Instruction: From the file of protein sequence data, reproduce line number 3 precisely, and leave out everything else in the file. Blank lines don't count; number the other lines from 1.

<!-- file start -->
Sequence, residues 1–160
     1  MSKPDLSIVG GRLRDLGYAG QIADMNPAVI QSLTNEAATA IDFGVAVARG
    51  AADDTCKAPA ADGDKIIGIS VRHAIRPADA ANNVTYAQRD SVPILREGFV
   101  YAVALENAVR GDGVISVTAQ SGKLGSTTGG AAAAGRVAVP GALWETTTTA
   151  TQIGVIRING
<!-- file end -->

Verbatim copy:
    51  AADDTCKAPA ADGDKIIGIS VRHAIRPADA ANNVTYAQRD SVPILREGFV